On the other hand, in the current debate over the reform of French political divisions, in which some argue that there exist too many small regions in France, there are some who would like to merge the Languedoc-Roussillon and Midi-Pyrénées regions, thus reunifying the old province of Languedoc, and creating a large region. It seems probable that Georges Frêche, with his idea of a "Septimanie" region, would not support such plans, although political leaders in Béziers, Narbonne, and especially Nîmes, would probably support such a merger, hostile as they are to Montpellier, which was chosen as the capital of Languedoc-Roussillon instead of their own city, and which they accuse of hegemony[citation needed].




Prior to the French Revolution, Occitan and Catalan were the dominant languages of the area.


Occitan literature — still sometimes called Provençal literature — is a body of texts written in Occitan in what is nowadays the South of France. It originated in the poetry of the eleventh- and twelfth- century troubadours, and inspired the rise of vernacular literature throughout medieval Europe.


Aimeric de Peguilhan, Giraut de Bornelh and Bertran de Born were major influences in troubadour composition, in the High Middle Ages. The troubadour tradition is associated with originating from the region.

The Romantic music composer Déodat de Séverac was born in the region, and, following his schooling in Paris, he returned to the region to compose. He sought to incorporate the music indigenous to the area in his compositions.


The Languedoc-Roussillon region is dominated by 740,300 acres (2,996 km2) of vineyards, three times the combined area of the vineyards in Bordeaux. The region has been an important winemaking centre for centuries. Grapevines are said to have existed in the South of France since the Pliocene period - before the existence of Homo sapiens. The first vineyards of Gaul developed around two towns: Béziers and Narbonne. The Mediterranean climate and plentiful land with soil ranging from rocky sand to thick clay was very suitable for the production of wine, and it is estimated that one in ten bottles of the world's wine was produced in this region during the 20th century (Robinson 1999:395). Despite this enormous quantity, the area's significance was often overlooked by scholarly publications and commercial journals, largely because very little of the wine being produced was classified under an appellation contrôlée until the 1980s (Joseph 2005:190).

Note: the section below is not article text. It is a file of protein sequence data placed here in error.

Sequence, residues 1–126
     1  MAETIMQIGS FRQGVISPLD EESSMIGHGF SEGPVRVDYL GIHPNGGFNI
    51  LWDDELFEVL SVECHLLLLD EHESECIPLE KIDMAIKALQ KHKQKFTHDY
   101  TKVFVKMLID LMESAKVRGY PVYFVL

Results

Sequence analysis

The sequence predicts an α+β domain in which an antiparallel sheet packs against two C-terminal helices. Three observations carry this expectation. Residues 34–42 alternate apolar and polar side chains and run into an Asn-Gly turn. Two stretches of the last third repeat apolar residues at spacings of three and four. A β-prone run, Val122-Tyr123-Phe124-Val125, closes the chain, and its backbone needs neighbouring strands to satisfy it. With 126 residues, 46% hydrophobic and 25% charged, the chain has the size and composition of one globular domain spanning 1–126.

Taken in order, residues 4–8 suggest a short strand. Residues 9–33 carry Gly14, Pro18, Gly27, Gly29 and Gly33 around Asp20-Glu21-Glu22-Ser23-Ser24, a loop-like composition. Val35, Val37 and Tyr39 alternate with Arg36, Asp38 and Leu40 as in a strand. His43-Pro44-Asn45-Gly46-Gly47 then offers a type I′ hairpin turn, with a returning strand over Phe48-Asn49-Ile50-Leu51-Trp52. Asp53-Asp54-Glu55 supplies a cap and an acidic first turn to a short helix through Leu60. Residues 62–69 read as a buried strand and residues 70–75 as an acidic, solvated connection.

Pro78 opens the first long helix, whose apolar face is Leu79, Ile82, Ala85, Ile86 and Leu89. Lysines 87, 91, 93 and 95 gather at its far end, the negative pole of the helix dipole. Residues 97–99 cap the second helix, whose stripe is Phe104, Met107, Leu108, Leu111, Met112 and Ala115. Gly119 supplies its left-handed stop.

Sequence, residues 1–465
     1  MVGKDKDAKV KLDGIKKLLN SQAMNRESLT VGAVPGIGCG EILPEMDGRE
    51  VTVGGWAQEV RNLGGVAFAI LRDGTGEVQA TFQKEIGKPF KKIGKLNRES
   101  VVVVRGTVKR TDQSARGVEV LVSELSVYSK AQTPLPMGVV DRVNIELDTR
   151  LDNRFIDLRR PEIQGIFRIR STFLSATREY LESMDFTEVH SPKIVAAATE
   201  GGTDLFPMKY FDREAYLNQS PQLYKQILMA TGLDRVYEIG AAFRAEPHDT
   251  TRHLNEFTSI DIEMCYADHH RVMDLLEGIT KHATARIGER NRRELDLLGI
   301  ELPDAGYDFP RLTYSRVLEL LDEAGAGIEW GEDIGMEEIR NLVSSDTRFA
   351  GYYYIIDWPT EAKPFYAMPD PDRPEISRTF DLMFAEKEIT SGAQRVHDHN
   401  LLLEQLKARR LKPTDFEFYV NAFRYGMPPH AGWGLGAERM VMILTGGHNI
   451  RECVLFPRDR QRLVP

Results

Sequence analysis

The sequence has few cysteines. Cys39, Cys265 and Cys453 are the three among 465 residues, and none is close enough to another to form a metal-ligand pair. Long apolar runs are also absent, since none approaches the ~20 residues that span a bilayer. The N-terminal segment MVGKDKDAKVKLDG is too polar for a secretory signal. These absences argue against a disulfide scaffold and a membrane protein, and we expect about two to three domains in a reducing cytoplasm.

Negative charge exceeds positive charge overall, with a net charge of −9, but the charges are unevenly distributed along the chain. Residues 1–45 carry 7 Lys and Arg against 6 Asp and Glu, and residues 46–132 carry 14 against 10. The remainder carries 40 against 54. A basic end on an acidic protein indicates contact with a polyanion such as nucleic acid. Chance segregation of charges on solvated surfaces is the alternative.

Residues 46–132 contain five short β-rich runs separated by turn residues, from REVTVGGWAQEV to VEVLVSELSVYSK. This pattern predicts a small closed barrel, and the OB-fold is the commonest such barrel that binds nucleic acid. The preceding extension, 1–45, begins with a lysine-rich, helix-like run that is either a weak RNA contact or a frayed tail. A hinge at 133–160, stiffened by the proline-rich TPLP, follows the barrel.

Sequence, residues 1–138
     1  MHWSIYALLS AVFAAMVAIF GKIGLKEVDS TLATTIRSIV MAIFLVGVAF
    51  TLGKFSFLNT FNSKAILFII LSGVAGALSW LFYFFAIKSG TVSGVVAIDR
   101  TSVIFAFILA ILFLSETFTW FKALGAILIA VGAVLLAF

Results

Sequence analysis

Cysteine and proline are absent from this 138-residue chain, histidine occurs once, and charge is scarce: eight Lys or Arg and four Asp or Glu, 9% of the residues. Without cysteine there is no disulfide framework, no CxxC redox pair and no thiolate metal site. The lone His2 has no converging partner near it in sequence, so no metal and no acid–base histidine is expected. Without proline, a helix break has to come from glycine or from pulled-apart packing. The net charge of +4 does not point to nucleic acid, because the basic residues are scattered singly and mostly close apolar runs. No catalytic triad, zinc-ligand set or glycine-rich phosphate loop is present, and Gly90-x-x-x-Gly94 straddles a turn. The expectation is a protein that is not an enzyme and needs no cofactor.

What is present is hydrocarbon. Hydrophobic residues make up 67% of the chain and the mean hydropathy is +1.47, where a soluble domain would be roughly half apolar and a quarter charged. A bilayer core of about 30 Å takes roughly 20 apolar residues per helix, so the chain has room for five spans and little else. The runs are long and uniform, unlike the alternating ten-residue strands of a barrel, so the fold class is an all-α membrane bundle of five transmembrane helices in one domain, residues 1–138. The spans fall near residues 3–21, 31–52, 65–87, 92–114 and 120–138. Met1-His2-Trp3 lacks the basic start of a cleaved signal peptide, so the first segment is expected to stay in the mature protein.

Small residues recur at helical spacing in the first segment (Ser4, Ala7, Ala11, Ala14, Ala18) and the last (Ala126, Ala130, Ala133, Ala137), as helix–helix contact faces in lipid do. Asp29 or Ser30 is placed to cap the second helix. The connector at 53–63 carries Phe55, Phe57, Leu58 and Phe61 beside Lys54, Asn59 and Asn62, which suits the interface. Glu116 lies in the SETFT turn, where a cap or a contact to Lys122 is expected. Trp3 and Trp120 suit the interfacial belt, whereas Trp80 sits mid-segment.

Several entrepreneurs like Robert Skalli and James Herrick drastically changed the face of the region, planting more commercially viable grape varieties and pushing for new AOC classifications. While the AOC system has origins in the 15th century, the Languedoc-Roussillon has some appellations like the Cabardes which have only existed by law since 1999 (Joseph 2005:190).

The region is the largest contributor to the European Union's glut (dominance of supply over demand) of wine known as the wine lake.[citation needed]

Sud de France